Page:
"It's hard enough for a 12 year old to go through it, let alone an 8 year old," Meyers says. "I want her to be a happy. healthy kid."
She has reason to worry: A new study shows obesity in pre-schoolers can lead to early puberty.
"What this new study tells us is that parents have to be concerned about obesity even when their children are only 2 or 3 years old," says psychologist Dr. Diana Zuckerman, of the National Research Center for Women and Families. "I think that's the shock."
The study followed 354 girls over a decade. Researchers found at age 9, 80 percent of the obese girls were entering puberty. In contrast, only 58 percent of overweight girls and 40 percent of normal-weight girls were entering puberty at that age.
"Our study suggests that there is a link between body fat and earlier onset of puberty, but unfortunately, we don't understand the mechanism by which this happens," says the study's author, Dr. Joyce Lee.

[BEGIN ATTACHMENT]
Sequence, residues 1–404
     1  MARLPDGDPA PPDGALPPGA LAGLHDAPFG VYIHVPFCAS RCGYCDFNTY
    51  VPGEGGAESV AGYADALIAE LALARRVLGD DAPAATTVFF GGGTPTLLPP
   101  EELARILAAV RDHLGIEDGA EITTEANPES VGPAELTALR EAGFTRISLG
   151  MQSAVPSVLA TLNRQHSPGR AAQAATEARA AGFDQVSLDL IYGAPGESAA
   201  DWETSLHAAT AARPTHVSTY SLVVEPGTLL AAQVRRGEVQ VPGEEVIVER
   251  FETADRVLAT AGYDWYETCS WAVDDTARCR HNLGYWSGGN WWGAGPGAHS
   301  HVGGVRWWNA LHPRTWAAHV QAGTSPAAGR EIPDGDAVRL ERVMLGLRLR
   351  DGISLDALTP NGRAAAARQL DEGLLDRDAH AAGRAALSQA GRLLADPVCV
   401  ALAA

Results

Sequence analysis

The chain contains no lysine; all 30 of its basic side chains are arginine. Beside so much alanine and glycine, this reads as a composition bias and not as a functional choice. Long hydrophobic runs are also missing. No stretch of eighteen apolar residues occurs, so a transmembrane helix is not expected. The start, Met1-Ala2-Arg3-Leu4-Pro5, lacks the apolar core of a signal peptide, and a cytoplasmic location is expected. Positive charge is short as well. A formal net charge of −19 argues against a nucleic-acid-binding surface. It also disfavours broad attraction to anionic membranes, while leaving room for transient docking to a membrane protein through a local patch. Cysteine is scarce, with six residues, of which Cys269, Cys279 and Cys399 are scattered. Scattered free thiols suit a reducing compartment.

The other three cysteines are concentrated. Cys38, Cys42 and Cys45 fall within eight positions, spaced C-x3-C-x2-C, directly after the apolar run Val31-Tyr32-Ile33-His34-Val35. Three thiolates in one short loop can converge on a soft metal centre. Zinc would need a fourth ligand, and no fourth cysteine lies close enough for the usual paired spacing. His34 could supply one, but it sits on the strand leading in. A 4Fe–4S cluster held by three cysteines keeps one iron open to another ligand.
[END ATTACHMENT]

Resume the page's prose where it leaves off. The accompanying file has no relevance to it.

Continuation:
But experts do understand it can lead to problems.
"Girls who develop earlier are more likely to abuse alcohol and drugs, are more likely to be depressed and moody and have problems in school," Zuckerman says. She is alarmed by this trend.
"We live in a culture where there is a lot of pressure on little girls to grow up too fast," she says. "Parents really have to talk to their children, talk to their daughters, talk to their sons as well, so that these girls can know how to cope with those raging hormones that are causing this early development."
This study is yet more evidence that weight matters.